That damned box is malfunctioning again. Distorted images ... those colors are way off. Reluctantly, I get up from a groaning well-warmed perch, shiver slightly from the enveloping rush of cool air, and drag my weary feet toward the source of my discontent. Once there, I stare blankly into an animated collage of flashing lights while colorful commentary from "The Closest Election Ever" fills my ears. The picture seems slanted.
Frustrated, I take my free hand--the one not occupied by the remote--and give the box a good whack on its side. Unimpressed, it stares back at me and continues to spew its incessant garble on voting irregularities in the race between The Boy Who Should Be King and The Man Most Likely to Concede to Media Pressure. For some reason, the visual image of the Boy-King is more clear and pronounced than that of his distorted, fading opponent.
Again, I take my free hand--that's right, the one not occupied by the remote--and whack the side of the box. This time, the box magically scans a series of channels before resting on the image of an outspoken African-American reverend decrying the systematic disenfranchisement of the black vote by the "party of Lincoln." He cites a laundry list of highly suspect election-day occurrences in the state run by the brother of the Boy-King. They include the setting up of police roadblocks at polling sites in predominantly black precincts and the secretary of state's pre-election employment of ChoicePoint, a Republican-friendly firm that not so inadvertently purged 8,000 mostly minority voters from the state's rolls. It reminded me of our own state senate race a decade ago, when that good ol' boy with the same first name as the reverend had his party send out 150,000 intimidating postcards to black precincts partial to his African-American challenger. The reverend's voice and image begin to fade. The picture seems slanted.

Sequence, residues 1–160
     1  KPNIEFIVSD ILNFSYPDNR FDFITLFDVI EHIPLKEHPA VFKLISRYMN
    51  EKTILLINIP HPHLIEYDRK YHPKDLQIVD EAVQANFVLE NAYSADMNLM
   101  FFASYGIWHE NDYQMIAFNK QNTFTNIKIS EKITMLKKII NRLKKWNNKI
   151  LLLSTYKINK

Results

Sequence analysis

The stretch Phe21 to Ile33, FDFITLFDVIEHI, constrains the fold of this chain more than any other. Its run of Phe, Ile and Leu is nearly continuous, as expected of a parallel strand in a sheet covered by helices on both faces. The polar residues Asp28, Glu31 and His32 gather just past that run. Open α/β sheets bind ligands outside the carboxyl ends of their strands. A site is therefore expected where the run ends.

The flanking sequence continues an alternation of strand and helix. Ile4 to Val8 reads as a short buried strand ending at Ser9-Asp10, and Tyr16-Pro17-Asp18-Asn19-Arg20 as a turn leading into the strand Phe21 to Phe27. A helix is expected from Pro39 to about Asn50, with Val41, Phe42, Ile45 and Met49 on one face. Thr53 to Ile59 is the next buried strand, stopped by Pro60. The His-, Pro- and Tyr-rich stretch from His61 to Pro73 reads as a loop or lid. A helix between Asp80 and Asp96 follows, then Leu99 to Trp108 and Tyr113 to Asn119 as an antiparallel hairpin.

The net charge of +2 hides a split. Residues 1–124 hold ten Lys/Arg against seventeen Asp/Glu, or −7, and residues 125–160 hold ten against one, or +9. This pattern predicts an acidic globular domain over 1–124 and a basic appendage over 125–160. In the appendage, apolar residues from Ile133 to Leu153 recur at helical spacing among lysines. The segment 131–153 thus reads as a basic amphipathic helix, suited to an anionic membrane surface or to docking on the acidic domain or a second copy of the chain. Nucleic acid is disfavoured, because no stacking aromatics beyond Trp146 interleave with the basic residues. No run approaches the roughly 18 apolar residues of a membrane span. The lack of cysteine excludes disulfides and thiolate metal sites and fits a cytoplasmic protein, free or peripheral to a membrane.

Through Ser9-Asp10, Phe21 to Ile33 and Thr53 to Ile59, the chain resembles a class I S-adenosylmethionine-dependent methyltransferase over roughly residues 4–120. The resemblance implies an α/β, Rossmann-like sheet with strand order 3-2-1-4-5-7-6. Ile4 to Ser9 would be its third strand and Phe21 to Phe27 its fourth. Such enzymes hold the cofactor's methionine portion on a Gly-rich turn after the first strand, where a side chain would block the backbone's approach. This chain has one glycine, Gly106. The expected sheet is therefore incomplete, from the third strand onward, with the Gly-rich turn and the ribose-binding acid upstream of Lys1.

I whack the side of the set and the channels switch once more. The resulting station projects a crystal-clear image of a smiling Boy-King after being awarded a presidential victory by his daddy, his brother and five Supremacist-Courting Justices. One of the justices has two sons that just so happen to work for the law firm representing the Boy-King. Another justice, who never says anything, is married to a woman who works for a right-wing foundation that actively supported the Boy-King.
Squinting, I step back from the box and tilt my head left to right as I examine every square inch of the flawless image it now transmits.
Does that picture seem slanted to you?